France looks to revoke dual nationality for convicted terrorists
A new constitutional measure is being considered in France that would allow the country to revoke the nationality of terror convicts.
The French government is hardening its position toward dual-nationals, in what is part of a new series of constitutional changes following the Nov. 13 attacks: French nationals who who have participated in acts of terrorism and who are also nationals of other countries could have their nationality revoked.
This measure, along with a move to uphold the state of emergency imposed by President François Hollande by enshrining it in the constitution, would require a three-fifths majority in the lower and upper houses of France's Parliament. Debate on these measures will begin Feb. 3, according to Agence France-Presse.
“The threat has never been higher,” Prime Minister Manuel Valls told reporters on Wednesday. “We must face up to a war, a war against terrorism, against jihadism, against radical Islam.”
The state of emergency, which was declared by Mr. Hollande the night of the attacks, gives special policing powers to the French military – including authority to impose house arrests and to raid houses without judicial oversight.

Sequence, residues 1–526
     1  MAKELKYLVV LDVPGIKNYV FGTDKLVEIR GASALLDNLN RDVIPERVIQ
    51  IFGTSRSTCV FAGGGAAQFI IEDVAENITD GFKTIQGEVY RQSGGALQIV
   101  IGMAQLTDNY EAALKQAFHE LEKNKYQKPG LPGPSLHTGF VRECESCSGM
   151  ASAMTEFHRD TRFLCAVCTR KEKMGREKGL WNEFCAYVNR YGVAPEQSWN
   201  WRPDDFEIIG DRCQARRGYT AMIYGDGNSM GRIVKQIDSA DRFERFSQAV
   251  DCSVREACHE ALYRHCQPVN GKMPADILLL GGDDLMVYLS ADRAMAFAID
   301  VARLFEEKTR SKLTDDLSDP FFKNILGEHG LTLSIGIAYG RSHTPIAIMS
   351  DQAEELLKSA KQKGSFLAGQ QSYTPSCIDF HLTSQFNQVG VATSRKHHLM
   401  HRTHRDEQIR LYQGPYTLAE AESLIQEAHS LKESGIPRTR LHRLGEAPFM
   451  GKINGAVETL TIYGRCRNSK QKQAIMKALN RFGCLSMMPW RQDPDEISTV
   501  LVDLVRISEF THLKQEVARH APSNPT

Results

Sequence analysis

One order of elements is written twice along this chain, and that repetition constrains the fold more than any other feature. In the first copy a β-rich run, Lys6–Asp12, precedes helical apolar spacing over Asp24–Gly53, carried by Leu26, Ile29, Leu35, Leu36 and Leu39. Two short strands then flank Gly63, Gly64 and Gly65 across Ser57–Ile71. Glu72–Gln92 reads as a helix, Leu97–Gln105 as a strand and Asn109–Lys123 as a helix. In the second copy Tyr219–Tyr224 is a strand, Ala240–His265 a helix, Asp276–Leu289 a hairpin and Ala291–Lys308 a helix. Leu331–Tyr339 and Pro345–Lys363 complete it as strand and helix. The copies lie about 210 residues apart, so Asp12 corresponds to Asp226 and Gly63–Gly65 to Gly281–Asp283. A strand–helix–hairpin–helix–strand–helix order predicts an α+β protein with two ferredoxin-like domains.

A 1961 United Nations convention, which France co-signed, seeks to ensure the right of every person to a nationality. The new security reform therefore only applies to dual nationals.
Over 1,000 people have left France to join jihad in Syria and Iraq, and over 3,000 raids have taken place since the Paris attacks, leading to 360 house arrests and 51 people put in jail.
“Everyone has a right to their doubts, their queries, their questions,” Mr. Valls told reporters.
The decision to revoke the nationality of terror convicts is controversial. Justice Minister Christiane Taubira was one of the first to voice doubts, but stated that Hollande had the final word.
Many civil rights groups also have voiced criticism over the surge in house arrests and police violence, saying there have been many cases of mistaken identity.
"Emergency powers are only supposed to be used in relation to an imminent threat," John Dalhuisen, director of Amnesty International's Europe and Central Asia program, told Al Jazeera. "It's hard to judge the imminence of a threat from the outside… But it doesn't take a mathematical genius to figure out that much more of this was preventative and speculative rather than linked to intelligence on [the attacks]," he said.